Keyword: Real

Dictionary Entry | Posted 24/08/2017
Quote from "On Existential Graphs as an Instrument of Logical Research"

By real, I always mean that which is such as it is whatever you or I or any generation of men may opine or otherwise think that it is. There must not be any...

Manuscript | Posted 24/08/2017
Peirce, Charles S. (1906 [c.]). On Existential Graphs as an Instrument of Logical Research. MS [R] 498

Robin Catalogue:
A. MS., notebook (Harvard Cooperative), n.p., n.d.
Evidently prepared as an address to the American Academy. CSP mentions that existential graphs were...

Manuscript | Posted 22/08/2017
Peirce, Charles S. (1910.11). The Rationale of Reasoning. MS [R] 664

Robin Catalogue:
A. MS., n.p., November 22-30, 1910, pp. 1-21, with 7 pp. of variants.
Problems of terminology. Definitions of “breadth” and “depth,” both of which presuppose...

Dictionary Entry | Posted 22/08/2017
Quote from "A Logical Criticism of the Articles of Religious Belief"

…using the word “real” to signify something which is as it is independently of its being so represented in any individual mind or minds, even though it be not...

Dictionary Entry | Posted 15/08/2017
Quote from "Reason's Rules"

[The] real state of things is something which is “so,” that is, has a certain determination, or specialization, or being, whether it be opined to be so or otherwise. Therefore, the reader holds...

Dictionary Entry | Posted 08/09/2016
Quote from "Chapter IV. Of Reality"

If an object is of whatever character I or any man or men will have it to be or imagine it, it is a fiction; but if its characters are independent of what you or I or any...

Manuscript | Posted 26/03/2016
Peirce, Charles S. (1905). Valency. MS [R] 1041

Robin Catalogue:
A. MS., n.p., [1905], pp. 1-26, with 6 pp. of variants.
CSP sets out to discuss “the mode of composition of ideas,” developing an analogy between simple ideas...

Article in Journal | Posted 22/03/2016
Pape, Helmut (2015). C. S. Peirce on the dynamic object of a sign: From ontology to semiotics and back
That reality, and in particular the (dynamic) objects of signs, are independent of our thoughts or other representations is a crucial thesis of Peirce's realism. On the other hand, his semiotics...
Dictionary Entry | Posted 09/03/2016
Quote from "Materials for Monist Article: The Consequences of Pragmaticism. Vols. I and II [R]"

A real is anything that is not affected by men’s cognitions about it.

Article in Journal | Posted 29/12/2015
Margolis, Joseph (2007). Rethinking Peirce's Fallibilism
The article explores the doctrine of fallibilism of philosopher Charles S. Peirce. Peirce was committed to the grounds of realism and idealism. His fallibilism focused on truth, the natural world,...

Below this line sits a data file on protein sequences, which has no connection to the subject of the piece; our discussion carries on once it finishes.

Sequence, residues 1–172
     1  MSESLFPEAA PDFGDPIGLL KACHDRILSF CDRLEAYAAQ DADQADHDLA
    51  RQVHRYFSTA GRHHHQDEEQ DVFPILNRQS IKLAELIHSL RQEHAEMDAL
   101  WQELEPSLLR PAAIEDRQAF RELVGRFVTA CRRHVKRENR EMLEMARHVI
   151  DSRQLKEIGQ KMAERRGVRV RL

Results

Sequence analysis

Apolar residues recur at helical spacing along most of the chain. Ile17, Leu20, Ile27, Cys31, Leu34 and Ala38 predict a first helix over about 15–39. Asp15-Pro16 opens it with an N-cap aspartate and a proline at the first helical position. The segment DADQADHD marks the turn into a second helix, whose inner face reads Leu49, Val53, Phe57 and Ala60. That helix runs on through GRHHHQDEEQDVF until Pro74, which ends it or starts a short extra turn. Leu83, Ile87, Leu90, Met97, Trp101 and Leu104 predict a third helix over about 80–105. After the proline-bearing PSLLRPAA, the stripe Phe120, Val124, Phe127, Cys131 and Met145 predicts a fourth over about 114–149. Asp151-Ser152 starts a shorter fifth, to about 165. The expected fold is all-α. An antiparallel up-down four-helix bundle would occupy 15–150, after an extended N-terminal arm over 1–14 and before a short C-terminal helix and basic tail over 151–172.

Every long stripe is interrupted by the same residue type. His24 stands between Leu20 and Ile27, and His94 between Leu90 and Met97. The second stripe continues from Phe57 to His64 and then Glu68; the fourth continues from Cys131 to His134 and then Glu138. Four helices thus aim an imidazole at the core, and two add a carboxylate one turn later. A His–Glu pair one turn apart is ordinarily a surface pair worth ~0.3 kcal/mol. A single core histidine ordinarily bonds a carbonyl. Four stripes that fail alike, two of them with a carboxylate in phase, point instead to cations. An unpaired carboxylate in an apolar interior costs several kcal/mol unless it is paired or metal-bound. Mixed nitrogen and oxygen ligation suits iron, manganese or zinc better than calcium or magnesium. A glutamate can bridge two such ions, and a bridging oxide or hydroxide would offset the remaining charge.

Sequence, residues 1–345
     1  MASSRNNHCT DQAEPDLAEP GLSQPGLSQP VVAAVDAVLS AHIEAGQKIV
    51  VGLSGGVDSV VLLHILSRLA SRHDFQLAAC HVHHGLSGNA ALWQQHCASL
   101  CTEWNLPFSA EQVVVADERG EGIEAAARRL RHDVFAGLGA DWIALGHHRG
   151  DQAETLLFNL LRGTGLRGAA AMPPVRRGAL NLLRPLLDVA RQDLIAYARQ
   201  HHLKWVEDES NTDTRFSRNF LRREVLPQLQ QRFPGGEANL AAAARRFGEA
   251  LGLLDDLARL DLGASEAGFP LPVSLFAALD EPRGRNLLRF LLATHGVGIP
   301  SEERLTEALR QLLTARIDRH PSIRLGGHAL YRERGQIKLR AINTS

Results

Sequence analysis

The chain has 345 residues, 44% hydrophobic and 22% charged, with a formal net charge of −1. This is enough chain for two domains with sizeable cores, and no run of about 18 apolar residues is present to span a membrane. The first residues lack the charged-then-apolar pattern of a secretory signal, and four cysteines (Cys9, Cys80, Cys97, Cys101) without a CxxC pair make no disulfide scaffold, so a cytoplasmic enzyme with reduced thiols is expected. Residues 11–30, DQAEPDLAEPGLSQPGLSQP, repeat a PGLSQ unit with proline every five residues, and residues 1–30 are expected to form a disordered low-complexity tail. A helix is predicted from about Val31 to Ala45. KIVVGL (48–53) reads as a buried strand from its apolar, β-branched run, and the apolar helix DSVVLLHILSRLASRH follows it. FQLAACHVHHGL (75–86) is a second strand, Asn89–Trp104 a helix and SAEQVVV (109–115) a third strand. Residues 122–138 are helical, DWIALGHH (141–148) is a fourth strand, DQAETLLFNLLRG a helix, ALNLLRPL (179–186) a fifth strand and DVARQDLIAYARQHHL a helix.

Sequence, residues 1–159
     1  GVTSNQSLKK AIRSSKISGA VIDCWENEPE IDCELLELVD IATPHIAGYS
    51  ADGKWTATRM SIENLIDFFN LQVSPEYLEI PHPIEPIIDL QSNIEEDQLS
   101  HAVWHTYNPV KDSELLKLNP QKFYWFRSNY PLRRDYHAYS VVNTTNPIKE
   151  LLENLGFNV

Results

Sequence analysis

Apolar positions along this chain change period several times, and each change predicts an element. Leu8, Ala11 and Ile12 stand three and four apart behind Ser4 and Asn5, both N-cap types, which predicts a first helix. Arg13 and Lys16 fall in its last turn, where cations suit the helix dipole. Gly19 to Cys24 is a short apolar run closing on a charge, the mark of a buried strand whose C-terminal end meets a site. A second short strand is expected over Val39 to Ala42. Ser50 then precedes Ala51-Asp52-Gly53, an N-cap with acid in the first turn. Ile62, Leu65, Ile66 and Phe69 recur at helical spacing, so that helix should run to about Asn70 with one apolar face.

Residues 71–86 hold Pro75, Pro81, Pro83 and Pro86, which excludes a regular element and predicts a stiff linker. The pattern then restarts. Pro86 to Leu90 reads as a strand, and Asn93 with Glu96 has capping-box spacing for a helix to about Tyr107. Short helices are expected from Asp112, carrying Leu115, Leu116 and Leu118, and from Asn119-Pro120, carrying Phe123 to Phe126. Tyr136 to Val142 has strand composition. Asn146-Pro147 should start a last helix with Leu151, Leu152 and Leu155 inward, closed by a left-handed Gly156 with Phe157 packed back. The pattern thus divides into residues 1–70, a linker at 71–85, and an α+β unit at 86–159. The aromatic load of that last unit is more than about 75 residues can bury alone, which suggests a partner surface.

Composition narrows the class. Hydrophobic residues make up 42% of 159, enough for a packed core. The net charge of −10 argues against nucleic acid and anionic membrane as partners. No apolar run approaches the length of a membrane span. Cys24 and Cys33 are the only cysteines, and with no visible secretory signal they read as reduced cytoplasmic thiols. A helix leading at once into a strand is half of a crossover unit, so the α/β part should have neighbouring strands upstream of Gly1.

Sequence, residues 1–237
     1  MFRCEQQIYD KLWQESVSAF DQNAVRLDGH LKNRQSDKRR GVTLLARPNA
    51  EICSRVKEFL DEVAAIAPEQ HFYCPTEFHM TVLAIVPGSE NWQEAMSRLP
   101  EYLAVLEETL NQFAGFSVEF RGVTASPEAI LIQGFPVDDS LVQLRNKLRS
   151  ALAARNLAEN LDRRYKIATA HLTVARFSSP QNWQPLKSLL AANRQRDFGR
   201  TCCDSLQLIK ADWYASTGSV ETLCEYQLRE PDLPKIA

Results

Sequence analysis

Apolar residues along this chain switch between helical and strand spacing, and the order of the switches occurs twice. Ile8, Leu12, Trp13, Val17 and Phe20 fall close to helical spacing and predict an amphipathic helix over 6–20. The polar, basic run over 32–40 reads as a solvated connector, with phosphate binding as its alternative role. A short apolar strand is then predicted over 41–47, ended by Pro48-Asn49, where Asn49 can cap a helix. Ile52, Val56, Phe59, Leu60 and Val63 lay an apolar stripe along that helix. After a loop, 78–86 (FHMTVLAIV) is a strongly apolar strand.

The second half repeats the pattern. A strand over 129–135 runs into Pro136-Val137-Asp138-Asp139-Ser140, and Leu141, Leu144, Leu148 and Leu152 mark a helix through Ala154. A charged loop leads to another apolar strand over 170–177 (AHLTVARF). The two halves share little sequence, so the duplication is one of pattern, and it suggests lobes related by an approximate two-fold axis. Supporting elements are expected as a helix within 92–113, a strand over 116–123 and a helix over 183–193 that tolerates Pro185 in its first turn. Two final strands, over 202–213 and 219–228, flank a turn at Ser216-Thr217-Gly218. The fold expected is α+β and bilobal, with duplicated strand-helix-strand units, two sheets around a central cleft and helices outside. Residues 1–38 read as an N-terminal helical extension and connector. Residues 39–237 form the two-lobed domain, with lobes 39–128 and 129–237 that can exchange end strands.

Article in Journal | Posted 21/12/2015
Brodsky, Garry M. (1973). Peirce on Truth, Reality, and Inquiry
Monograph | Posted 10/12/2015
Mayorga, Rosa (2007). From Realism to 'Realicism': The Metaphysics of Charles Sanders Peirce
Dictionary Entry | Posted 25/11/2015
Quote from "Preface"

Whether the object immediately before the mind is the Real object or not seems to be a question from which it is difficult to extract any clear meaning; but it [is] quite certain that...

Dictionary Entry | Posted 26/10/2015
Quote from "A draft of a review of Herbert Nichols' A Treatise on Cosmology, Vol. 1 [CP]"

The method prescribed in the maxim [of pragmatism] is to trace out in the imagination the conceivable practical consequences, – that is, the consequences for deliberate, self-controlled conduct...

Dictionary Entry | Posted 25/10/2015
Quote from "Notes for Lectures on Logic to be given 1st term 1870-71"

A real thing is something whose characters are independent of how any representation represents it to be.

Independent, therefore, of how any number of men...

Dictionary Entry | Posted 08/09/2015
Quote from "The Rationale of Reasoning"

I call anything “real” be it anything asserted, or imagined, or conceived, or any element of such assertion, image, or concept, or of whatever other sort it may be, if, and...

Dictionary Entry | Posted 06/09/2015
Quote from "On the Meaning of "Real" [R]"

What we can in some measure know is our universe in such a sense that we cannot mean anything of what may be “beyond.” But the Ding and sich is very different from my idea of...

Dictionary Entry | Posted 06/09/2015
Quote from "Letters to William James"

By mellonization (Gr. μέλλωγ the being about to do, to be, or to suffer) I mean that operation of logic by which what is conceived as having been (which I call conceived as parele’...

Dictionary Entry | Posted 06/09/2015
Quote from "The Rationale of Reason"

that circumstance is Real which is as it is whether one thinks that it is so, or not. That object is Real of which whatever is true or is truly...

Dictionary Entry | Posted 24/08/2015
Quote from "Grand Logic 1893: Division III. Substantial Study of Logic Chapter VI. The Essence of Reasoning"

The commodious and compact representation in our minds, or icon of our hopes about beliefs[,] is that there is something fixed and not subject to our wills called the reality, and that...